Learn a little bit about birds or wildflowers or constellations so that you’ll have something to look for (and point out to the kids) in the great outdoors.
4. Plan Ahead So That You Can Reserve A Campsite In A Federal Or State Park
While some privately-owned campgrounds are affordable, they generally tend to be more expensive than their public counterparts. If you plan your trip far enough in advance, you can get a site right on the beach or the lakeshore or the mountainside or wherever else appeals to you. When reserving a site, inquire about the distance to the nearest bathhouse.
Some people want to be close by (for obvious reasons), but others prefer to camp some distance away so that other campers won’t be traipsing past their site day and night. It’s your family, so you decide.
5. Camp Where There’s Something To Do
Research the park you’ve chosen ahead of time. Can you rent a canoe? Swim in the lake? Hike the trails? Tour a Civil War battlefield? If you stay in the park once you get there, you won’t spend a fortune on gas driving between attractions. There is one exception to this rule: Before you leave home, research places near the campground that offer inexpensive indoor entertainment in case of torrential rain. Local museums, cave tours, wildlife rehab centers, and even bowling alleys or skating rinks are good choices. The idea with this is to get everyone out of the leaky tent before tempers flare!
Camping trips are a great place to introduce your kids to some of the best games ever dreamed up. Though video games are great, there is something about simple games that can be played anywhere that are great for starting conversations, stimulating the mind, and having fun.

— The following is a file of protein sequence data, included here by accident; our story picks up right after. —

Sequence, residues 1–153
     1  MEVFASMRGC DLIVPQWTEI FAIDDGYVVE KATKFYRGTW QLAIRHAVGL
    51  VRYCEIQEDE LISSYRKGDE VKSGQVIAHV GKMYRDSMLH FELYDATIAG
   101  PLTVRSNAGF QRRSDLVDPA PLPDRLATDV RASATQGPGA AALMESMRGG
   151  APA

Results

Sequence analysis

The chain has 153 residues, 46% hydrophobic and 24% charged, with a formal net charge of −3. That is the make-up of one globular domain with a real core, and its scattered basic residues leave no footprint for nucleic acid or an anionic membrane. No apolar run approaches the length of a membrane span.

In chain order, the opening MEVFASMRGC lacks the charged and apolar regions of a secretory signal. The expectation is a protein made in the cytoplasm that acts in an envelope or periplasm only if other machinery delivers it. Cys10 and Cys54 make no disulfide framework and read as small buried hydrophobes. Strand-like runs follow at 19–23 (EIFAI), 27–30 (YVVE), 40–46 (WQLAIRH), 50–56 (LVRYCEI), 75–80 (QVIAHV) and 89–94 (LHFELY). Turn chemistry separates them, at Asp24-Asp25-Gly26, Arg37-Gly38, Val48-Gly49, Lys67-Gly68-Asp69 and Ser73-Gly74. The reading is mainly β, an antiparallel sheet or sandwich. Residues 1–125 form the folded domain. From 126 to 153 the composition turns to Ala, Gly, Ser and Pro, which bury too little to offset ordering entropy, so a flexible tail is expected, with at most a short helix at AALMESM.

Here are some suggestions for camping games for your next trip:
- Mancala is a great camping game. An ancient and frustratingly simple game of capturing stones can be purchased in a secure box for about five bucks. Mancala is easy to learn and can be played in low light situations.
- Checkers is a game that has remained popular over the years as it is simple and challenging. For camping, magnetic or other secure checkerboards are recommended.
- Chess is another game that can be a camping game but perhaps is best for adults. Chess requires concentration and attention and might not be ideal for little ones that want to (and should) the outdoor experience.
- Dominoes are another standard camping game. If the kids (or adults!) get bored with the game, they can compete with them by creating various toppling patterns.
- A scavenger hunt is a great camping game too. You can hide items to scavenge for or simply look for things in nature.
- A deck of cards can provide for a number of camping games. From war to poker, cards can provide a lot of entertainment for kids and adults.
- Yahtzee is another game that works well as a camping game. Though the standard game will work, the Travel Yahtzee editions are especially nice for camping trips.
- Camping trips are a natural place for ‘old-fashioned’ games. Two great camping games are jacks and marbles. While game pieces for both can be quickly lost, they are inexpensive to replace. These games are great for multi-generational camping trips and can help to foster communication between grandparents and grandchildren.
- Bocce is another game that can be played while camping. Bocce is usually played on a level court, but there is no reason that it has to be; in fact, tennis balls and other balls can be used to play Bocce. Playing in the woods around trees and other obstacles can make this normally precise game a lot of fun. Keep the object ball close enough for the kids to compete; the uneven and obstacle-laden course will make luck almost as important as skill.
Really, any game that you can think of can be a camping game. Try to bring along some of the group’s favorites and try some new games to try as well.
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Give camping a try this spring. Even inexpensive gear does require an initial outlay of cash, but remember that your gear should be usable for years to come if you care for it well. Once you have the gear, your only expense will be your campsite, which will cost a fraction of what a hotel room would.
In addition to the monetary benefits, you’ll be learning new skills, spending time with your family, and teaching your kids that fun doesn’t have to be expensive. Happy camping!